John's bottle did not break. There was a dull thud, but no crashing glass, and John turned in amazement to Dave, who shrugged. Chuck, meanwhile, ignored the blow to his cranium and still refused to give up on beating the stuffing out of Bruce. So John took a step back, leapt into the air, and brought that bottle down with both hands on the back of Chuck's head.

This time the bottle did break. Grain alcohol, glass shards and drops of blood sprayed everywhere. And at that point, John and Dave realized another important fallacy - not everybody who is conked on the head passes out cold. In fact, Chuck rose to his feet, a wounded expression on his face, and asked John, 'Whadja do that for?'

John was more than a little nervous now. Chuck had withstood a near inhuman level of punishment, and seemed to be little more than irritated. The big drunk advanced on John, who explained quickly that Chuck would be ill-advised to continue this course of action. John had been in fights, and knew what to do with the jagged chunk of glass in his hand. Chuck kept coming, so John cut him.

The broken bottle bit deep into Chuck's side, tearing through his t-shirt and a fair amount of flesh. Blood began to stain the shirt immediately, but still Chuck refused to fall. John was panicked - if a bottle to the head and a stab in the belly couldn't stop this monster, what would?

In a moment of inspiration, John found his voice.

"Chuck! You're a Christian, right? Would Jesus want you to do this?"

As if struck by lightning, Chuck dropped to his knees. Tears mingled with blood and vodka as he cried out, 'I'm so sorry, brother! I'm so sorry!' Completely surprised by the sudden change of attitude, John graciously accepted the apology, after which Chuck rose to his feet and stumbled away, mumbling and crying to himself as he teetered off into the sunset.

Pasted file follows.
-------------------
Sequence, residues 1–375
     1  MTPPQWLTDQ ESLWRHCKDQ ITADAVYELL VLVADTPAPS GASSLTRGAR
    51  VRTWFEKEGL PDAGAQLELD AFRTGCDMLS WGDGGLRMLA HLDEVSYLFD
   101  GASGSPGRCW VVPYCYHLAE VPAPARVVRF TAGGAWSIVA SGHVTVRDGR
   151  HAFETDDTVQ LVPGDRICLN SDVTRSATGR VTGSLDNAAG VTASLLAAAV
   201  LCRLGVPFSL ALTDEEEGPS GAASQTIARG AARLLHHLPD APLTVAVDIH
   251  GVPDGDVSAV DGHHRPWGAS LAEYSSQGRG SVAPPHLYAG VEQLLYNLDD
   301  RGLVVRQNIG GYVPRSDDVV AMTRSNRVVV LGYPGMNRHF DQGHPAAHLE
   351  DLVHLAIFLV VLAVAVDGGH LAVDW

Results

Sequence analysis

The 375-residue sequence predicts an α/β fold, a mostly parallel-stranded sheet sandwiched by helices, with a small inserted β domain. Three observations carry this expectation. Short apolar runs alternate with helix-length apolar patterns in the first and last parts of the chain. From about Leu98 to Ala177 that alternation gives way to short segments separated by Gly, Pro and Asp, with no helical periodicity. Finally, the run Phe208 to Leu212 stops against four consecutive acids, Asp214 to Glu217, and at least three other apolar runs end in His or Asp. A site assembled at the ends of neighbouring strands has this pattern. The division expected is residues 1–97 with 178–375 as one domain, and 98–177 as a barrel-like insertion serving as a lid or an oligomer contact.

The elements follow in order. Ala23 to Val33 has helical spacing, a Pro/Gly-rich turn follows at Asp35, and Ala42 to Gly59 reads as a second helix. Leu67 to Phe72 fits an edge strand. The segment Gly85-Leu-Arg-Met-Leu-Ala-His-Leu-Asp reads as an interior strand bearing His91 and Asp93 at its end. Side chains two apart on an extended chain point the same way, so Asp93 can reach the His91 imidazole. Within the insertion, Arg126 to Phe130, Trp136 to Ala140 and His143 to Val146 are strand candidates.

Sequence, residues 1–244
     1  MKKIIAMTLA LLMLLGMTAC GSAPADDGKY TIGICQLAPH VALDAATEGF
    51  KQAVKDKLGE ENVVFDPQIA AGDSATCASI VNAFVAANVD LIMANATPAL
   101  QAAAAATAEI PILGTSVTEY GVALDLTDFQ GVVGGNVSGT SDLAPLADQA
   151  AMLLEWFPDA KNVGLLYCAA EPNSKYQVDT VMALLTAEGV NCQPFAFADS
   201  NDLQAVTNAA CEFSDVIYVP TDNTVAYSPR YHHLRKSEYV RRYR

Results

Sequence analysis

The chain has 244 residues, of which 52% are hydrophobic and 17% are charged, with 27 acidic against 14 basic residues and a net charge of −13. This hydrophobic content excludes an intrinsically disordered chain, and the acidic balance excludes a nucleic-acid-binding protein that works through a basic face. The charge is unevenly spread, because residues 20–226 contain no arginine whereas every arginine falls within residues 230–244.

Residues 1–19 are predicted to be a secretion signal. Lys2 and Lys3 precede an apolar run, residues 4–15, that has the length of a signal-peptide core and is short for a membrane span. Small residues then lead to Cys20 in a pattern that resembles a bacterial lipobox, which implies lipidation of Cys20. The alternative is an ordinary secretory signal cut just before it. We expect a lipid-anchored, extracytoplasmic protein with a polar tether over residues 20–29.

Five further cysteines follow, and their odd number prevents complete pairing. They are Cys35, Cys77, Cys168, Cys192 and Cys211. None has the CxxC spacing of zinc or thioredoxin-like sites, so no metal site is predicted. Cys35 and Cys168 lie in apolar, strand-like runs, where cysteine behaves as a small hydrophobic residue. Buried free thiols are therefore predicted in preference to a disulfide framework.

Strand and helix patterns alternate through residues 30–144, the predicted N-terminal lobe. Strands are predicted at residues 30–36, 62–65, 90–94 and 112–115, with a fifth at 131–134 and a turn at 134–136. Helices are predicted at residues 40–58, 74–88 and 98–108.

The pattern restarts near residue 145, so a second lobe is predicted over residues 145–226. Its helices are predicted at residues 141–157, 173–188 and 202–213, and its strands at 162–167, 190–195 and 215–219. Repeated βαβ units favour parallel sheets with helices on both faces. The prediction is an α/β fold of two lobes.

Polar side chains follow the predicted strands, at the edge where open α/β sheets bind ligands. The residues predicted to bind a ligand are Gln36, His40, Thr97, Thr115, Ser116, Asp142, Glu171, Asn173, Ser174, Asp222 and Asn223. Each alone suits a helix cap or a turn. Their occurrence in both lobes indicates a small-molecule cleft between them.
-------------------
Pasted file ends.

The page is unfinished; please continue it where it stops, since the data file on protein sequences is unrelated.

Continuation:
John never saw Chuck or Kenpo Bruce again, but he did learn some valuable life lessons that night. He learned that there's a big difference between knowing karate and knowing how to fight. He also learned that glass bottles are quite a bit sturdier than Hollywood would have us believe. And he learned that, while there are remarkably few problems that cannot be solved with an appropriate application of violence, sometimes the right words can stop a man better than a painful beating.

Friday, April 9, 2010

The Naked Norwegian

Judy and her husband John lived in Jerusalem, which is a lovely city, especially if you like exploding coffee shops. Of course, not all of Jerusalem was prone to improved explosive zealots, and it was, after all, the Promised Land. Not only was it great if you wanted to take a pilgrimage through the Holy City, but there was actually some pretty fun stuff to do. Fun enough that John and Judy were lucky enough to host their Norwegians friends Erik and Karl.

Erik and Karl, being young men in their prime, decided that they should tour the city. John and Judy, being actual working people and not Norwegian tourists, went about their normal routines while Karl and Erik went out and painted the town red. This, it turns out, was not a particularly great decision.

Karl and Erik, being tourists, did not know enough to avoid the parts of town where the food may or may not be prepared by goat farmers who washed their hands once a week with used wet-naps. Karl seemed to weather the tainted food fairly well, but Erik's felafel seemed to be prophetic, because four hours later, he said, 'I feel awful.'

Only, you know, in Norwegian.